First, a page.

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The neurosurgeon hovers over the patient, preparing to excise a life-threatening brain tumor. In this delicate operation, there is no margin for error: the tumor needs to be cut out with minimal damage to the surrounding healthy tissue. By using simple hand gestures, the surgeon signals a computer to display high-resolution scans of the patient’s brain, showing the physician where to place her scalpel, detailing the boundaries between diseased and healthy tissue. No longer must the neurosurgeon stop to refer to the patient’s image data during the operation, removing her gloves and potentially compromising the sterile surgical field. The upshot for the patient: reduced time under anesthesia and a lower risk of introduced infection.
Science fiction? Far from it. This scenario and others like it are on the verge of realization thanks to ground-breaking InnerEye project being conducted by Microsoft Research and a host of collaborators, including Johns Hopkins Medical Institute, The University of Oxford, Cornell Medical School, Massachusetts General Hospital, the University of Washington, Kings College London, and Cambridge University Hospitals.
The analysis of medical images is essential in modern medicine. As images have achieved higher and higher resolutions, the increasing amount of patient data has presented new challenges and opportunities, from diagnosis to therapy. The InnerEye research shows how a single, underlying image-recognition algorithm can enable a multitude of clinical applications, such as semantic image navigation, multimodal image registration, quality control, content-based image search, and natural user interfaces for surgery.
InnerEye takes advantage of advances in computer-human interactions that have put computers on a path to work for us and collaborate with us. The development of a natural user interface (NUI) enables computers to adapt to you and be more integrated into your environment via speech, touch, and gesture. As NUI systems become more powerful and are imbued with more situational awareness, they can provide beneficial, real-time interactions that will be seamless and naturally suited to your context—in short, systems will understand where you are and what you’re doing.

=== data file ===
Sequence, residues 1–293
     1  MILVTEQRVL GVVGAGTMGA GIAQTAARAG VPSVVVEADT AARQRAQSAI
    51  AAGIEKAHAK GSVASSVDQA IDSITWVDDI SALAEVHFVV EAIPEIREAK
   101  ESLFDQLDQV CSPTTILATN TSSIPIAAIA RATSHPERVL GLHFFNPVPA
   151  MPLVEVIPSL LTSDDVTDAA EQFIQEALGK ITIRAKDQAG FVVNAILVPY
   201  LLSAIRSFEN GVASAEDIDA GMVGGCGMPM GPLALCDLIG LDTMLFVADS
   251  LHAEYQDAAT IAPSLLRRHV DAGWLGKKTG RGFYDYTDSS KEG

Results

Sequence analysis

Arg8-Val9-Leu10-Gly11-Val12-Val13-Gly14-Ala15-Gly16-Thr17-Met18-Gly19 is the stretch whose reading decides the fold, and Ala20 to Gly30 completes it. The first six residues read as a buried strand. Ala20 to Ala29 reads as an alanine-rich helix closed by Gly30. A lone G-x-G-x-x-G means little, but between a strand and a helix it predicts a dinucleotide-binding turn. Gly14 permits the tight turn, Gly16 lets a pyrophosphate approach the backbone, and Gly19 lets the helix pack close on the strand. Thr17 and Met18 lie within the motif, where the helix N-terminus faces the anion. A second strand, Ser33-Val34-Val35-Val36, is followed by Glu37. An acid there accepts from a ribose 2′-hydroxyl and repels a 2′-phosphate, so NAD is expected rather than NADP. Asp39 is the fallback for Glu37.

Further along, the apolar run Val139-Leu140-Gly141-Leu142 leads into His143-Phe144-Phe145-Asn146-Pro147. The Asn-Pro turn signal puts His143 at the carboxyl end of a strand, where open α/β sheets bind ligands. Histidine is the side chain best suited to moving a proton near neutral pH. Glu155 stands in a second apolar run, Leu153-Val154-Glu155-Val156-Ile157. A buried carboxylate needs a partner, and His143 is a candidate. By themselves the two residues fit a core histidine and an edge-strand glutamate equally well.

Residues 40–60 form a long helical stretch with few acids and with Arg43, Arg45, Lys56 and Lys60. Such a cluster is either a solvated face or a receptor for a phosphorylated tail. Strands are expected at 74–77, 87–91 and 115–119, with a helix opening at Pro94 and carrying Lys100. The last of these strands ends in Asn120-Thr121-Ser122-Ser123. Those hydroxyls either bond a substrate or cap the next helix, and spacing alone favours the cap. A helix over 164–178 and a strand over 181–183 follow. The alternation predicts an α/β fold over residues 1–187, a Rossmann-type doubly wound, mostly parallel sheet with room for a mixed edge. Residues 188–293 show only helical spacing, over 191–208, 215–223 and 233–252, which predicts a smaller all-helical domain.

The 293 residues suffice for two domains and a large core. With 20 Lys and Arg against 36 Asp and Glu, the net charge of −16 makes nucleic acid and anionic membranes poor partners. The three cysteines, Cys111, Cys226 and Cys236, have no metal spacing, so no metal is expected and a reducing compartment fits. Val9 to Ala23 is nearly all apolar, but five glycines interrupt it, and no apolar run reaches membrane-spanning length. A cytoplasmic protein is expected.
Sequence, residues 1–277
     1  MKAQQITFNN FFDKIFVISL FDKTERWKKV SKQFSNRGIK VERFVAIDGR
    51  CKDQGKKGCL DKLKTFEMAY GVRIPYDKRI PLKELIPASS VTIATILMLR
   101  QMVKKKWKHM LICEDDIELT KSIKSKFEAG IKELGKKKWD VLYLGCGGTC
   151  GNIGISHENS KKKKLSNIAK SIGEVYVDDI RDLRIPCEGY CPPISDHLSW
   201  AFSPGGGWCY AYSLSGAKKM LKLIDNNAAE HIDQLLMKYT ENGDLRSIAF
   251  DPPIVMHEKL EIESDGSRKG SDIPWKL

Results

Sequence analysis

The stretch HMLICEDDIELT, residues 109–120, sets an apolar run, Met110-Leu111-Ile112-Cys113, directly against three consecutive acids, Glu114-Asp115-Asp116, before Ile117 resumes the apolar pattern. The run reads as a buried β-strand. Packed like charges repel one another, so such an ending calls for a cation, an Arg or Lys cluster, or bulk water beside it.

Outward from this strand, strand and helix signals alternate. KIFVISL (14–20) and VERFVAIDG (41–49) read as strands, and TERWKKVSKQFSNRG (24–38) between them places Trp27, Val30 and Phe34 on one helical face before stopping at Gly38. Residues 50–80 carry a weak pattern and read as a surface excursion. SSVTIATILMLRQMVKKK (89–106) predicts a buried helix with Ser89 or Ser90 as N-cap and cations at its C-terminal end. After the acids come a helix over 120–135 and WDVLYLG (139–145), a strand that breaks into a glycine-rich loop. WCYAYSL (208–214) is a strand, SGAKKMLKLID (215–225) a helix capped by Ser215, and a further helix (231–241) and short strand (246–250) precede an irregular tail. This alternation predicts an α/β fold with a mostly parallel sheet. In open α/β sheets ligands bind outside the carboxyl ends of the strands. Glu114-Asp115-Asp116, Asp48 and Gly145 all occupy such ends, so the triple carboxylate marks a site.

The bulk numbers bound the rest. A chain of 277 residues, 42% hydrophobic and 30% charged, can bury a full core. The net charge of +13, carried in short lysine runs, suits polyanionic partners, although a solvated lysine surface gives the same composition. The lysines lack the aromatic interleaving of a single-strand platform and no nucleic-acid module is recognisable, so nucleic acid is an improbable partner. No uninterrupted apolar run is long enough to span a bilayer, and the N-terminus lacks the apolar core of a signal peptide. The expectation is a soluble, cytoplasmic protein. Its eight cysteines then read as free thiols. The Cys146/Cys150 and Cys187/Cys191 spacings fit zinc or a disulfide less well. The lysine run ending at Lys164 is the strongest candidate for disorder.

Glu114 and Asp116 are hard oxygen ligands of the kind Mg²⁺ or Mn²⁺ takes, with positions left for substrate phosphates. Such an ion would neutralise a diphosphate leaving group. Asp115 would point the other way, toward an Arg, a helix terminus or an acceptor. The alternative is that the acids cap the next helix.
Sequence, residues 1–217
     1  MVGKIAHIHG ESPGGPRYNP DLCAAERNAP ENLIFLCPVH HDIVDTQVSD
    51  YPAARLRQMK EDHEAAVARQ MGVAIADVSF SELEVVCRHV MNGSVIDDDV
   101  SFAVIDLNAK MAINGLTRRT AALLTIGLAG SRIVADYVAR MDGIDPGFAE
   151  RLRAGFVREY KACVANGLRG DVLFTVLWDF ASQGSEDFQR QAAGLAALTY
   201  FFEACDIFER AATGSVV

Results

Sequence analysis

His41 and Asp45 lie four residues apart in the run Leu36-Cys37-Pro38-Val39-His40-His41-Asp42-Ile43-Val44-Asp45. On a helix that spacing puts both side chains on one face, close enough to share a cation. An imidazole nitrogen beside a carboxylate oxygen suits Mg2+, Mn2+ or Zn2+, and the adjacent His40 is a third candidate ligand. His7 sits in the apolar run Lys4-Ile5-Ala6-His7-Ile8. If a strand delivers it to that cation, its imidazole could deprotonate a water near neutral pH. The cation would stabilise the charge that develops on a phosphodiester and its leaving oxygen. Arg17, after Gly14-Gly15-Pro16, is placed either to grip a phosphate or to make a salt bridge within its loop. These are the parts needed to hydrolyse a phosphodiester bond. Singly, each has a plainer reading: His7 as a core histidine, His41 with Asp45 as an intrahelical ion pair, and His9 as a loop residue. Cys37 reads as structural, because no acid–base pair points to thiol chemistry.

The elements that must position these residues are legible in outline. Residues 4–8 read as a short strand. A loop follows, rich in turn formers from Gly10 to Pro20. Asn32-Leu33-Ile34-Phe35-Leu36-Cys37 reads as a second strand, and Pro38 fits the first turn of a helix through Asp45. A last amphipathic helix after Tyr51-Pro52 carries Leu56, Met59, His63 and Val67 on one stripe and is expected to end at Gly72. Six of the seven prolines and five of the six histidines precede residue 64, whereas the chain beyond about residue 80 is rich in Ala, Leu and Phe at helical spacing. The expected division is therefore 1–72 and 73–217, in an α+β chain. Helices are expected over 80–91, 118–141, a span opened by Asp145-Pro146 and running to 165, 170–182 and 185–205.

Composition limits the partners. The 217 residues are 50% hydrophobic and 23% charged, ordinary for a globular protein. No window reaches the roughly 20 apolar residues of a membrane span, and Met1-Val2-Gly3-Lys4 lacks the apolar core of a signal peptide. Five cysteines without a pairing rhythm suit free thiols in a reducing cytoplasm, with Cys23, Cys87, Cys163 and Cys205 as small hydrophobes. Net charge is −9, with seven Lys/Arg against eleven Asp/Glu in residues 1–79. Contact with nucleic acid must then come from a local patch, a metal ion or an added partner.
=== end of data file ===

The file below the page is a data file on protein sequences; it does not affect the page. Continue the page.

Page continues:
At this year’s TechFest—the annual event that showcases the latest work from Microsoft Research’s labs around the world—InnerEye is one of several projects that show where Microsoft is headed with NUI technologies, and how “futuristic” computing experiences are quickly becoming a reality. Building on the success of Kinect—a prime example of NUI technology reaching consumer scale—Microsoft Research continues to explore technologies that will enable the coming shift in how humans will communicate with machines, and vice versa. The possibilities are seemingly endless in how we approach the integration of computing into our lives and can enable a new era of creativity, social interaction, and technological scenarios.
—Antonio Criminisi, Researcher, Microsoft Research and Kristin Tolle, Director, Natural User Interface Team, Microsoft Research Connections division of Microsoft Research